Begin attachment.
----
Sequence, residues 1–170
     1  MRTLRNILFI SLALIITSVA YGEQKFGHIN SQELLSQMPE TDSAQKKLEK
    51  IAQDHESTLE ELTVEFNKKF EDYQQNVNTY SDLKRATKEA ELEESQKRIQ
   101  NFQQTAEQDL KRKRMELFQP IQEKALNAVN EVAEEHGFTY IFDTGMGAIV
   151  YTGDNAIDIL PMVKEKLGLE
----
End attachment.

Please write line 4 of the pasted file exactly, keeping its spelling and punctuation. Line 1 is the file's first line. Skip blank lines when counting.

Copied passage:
   101  NFQQTAEQDL KRKRMELFQP IQEKALNAVN EVAEEHGFTY IFDTGMGAIV